Her visual art has been widely exhibited nationally and internationally, including the 1993 Venice Biennale, SMAK Museum (Gent, Belgium), Museum of Modern Art, Weatherspoon Museum, P.S. 1, Neuberger Museum, Banff Centre for the Arts (Canada), FlashArt Museum, Galleria d' Arte Moderna, Bologna (Italy), and the Groningen and Helmond Museums (Netherlands), among others. In New York City she has had solo exhibitions at Participant Inc., Mitchell Algus Gallery, Schroeder Romero Gallery and Feature Inc., among others. Her work has received much critical attention. It appeared on the cover of Flashart in December 1990, and was the subject of leading article "Bad Girl Made Good". Burkhart has received grants from Change, Arts International, Art Matters, and the Amsterdam Foundation for Fine Art, Design and Architecture. She is the author of three books of fiction, Between the Lines, Hachette, Litteratures, 2006; Deux Poids, Deux Mesures (The Double Standard) Hachette Litteratures, Paris, 2002 and Participant Press, 2005 and From Under the 8 Ball, (LINE, 1985). She teaches art and feminist theory at New York University, and divides her time between New York and Amsterdam.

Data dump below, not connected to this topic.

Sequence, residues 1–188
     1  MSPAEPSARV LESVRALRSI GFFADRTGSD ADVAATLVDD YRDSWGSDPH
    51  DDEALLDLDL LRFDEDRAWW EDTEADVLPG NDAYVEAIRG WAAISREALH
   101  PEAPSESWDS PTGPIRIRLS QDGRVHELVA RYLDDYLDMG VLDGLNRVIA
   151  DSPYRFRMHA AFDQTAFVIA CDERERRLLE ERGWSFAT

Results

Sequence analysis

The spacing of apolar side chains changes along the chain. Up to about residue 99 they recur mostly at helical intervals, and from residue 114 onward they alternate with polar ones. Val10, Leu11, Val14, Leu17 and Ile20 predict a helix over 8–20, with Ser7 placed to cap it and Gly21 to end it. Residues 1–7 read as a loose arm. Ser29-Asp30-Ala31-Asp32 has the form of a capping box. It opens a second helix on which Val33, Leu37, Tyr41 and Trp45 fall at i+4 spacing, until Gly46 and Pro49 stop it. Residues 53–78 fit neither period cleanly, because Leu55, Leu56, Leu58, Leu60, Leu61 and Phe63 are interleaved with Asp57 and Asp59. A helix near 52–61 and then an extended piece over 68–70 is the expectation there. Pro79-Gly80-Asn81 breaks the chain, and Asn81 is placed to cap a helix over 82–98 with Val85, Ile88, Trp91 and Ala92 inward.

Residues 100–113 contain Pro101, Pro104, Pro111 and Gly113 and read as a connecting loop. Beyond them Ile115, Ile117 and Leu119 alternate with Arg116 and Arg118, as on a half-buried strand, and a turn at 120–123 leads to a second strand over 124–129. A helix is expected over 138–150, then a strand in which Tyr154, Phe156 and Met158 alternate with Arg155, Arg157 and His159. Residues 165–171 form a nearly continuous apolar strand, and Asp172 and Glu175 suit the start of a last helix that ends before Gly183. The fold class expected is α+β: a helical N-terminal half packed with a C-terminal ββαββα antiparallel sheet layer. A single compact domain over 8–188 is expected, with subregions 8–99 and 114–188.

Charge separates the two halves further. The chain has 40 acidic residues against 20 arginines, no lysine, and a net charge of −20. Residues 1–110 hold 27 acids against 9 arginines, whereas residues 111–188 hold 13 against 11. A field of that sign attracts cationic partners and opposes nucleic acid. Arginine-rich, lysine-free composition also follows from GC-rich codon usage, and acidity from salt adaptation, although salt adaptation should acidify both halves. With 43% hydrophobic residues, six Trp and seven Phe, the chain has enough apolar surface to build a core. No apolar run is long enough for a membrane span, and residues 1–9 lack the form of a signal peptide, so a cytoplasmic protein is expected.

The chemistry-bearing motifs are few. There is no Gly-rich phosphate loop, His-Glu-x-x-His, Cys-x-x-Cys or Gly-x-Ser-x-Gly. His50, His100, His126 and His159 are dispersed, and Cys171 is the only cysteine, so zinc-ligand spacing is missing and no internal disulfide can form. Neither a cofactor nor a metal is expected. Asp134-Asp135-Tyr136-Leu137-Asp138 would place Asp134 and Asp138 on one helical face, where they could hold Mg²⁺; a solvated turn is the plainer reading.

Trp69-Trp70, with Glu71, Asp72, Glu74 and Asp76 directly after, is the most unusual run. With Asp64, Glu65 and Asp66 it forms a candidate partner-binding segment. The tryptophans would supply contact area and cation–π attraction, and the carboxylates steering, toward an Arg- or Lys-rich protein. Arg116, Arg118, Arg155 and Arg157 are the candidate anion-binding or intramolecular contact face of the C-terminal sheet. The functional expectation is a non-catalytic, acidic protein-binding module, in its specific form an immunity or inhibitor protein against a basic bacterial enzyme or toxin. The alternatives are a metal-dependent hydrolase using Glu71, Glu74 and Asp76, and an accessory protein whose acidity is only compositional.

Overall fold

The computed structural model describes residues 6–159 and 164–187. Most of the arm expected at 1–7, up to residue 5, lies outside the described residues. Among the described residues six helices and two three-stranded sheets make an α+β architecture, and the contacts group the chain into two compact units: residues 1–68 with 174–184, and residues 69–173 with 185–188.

Feminist Artist Statement
The Liz Taylor Series originated with the phrase 'Bad Girl' in contemporary art in a 1990 Flash Art interview. This extended series of large scale, photo-based paintings has been ongoing for 25 years, since 1982. It is a feminist project that is both intersubjective and a social critique. The work blurs portraiture with self-portraiture and public with private; disrupting traditional representational painting through its combination of pop stylization, image and text, autobiographically performative process, and use of collage. Resisting both victimology and essentialist notions of femininity, it deconstructs the language of curses and appropriated media images by exploding female stereotypes, representing a dominant female subjectivity.
The Chocolate and Puzzle Haikus integrate poetry into my visual practice. Chocolate Haikus are giant wall works consisting of haikus I’ve written. Six inch Dutch chocolate letters are utilized to construct large-scale wall poems that are flanked by a velvety carpet of 15 kilos of chocolate sprinkles. Puzzle Haikus are floor works constructed with children’s puzzle mats, a type of educational toy, to form poems that interrogate the violent nature of everyday life.
I have also written critically about art, and published three books of literary fiction and poetry.